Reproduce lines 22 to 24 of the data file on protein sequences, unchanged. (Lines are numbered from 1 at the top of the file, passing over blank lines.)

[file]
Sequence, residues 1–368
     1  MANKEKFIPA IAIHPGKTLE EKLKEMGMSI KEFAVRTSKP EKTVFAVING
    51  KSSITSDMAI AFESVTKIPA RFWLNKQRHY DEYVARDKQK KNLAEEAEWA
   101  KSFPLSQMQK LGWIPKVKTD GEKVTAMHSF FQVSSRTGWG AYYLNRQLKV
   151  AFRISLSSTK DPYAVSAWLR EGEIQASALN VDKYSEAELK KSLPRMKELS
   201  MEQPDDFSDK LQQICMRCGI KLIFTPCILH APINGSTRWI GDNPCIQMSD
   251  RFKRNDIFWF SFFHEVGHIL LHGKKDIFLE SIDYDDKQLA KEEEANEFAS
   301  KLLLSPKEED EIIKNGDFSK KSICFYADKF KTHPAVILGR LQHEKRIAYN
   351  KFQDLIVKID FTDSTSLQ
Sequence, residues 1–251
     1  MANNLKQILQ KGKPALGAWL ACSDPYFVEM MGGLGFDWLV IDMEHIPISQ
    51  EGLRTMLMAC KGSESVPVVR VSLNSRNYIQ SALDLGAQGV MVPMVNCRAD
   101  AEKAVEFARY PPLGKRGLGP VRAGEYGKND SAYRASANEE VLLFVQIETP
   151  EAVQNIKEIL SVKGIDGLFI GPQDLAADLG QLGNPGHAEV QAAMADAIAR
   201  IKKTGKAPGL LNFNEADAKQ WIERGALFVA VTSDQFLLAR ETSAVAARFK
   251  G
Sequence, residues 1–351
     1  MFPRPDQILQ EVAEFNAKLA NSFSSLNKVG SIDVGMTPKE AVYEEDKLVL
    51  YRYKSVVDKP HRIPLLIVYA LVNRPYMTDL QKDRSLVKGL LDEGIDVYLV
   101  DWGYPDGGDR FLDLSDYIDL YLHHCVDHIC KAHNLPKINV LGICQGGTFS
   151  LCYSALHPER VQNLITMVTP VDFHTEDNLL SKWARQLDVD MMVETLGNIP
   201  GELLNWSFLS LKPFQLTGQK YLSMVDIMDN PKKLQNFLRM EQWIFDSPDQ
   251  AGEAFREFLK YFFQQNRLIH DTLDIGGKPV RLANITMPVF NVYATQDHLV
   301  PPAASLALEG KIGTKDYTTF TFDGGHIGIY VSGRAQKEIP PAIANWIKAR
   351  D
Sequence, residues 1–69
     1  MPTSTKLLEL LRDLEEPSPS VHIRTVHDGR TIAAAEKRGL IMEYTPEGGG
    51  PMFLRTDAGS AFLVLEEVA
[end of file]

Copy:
   201  GELLNWSFLS LKPFQLTGQK YLSMVDIMDN PKKLQNFLRM EQWIFDSPDQ
   251  AGEAFREFLK YFFQQNRLIH DTLDIGGKPV RLANITMPVF NVYATQDHLV
   301  PPAASLALEG KIGTKDYTTF TFDGGHIGIY VSGRAQKEIP PAIANWIKAR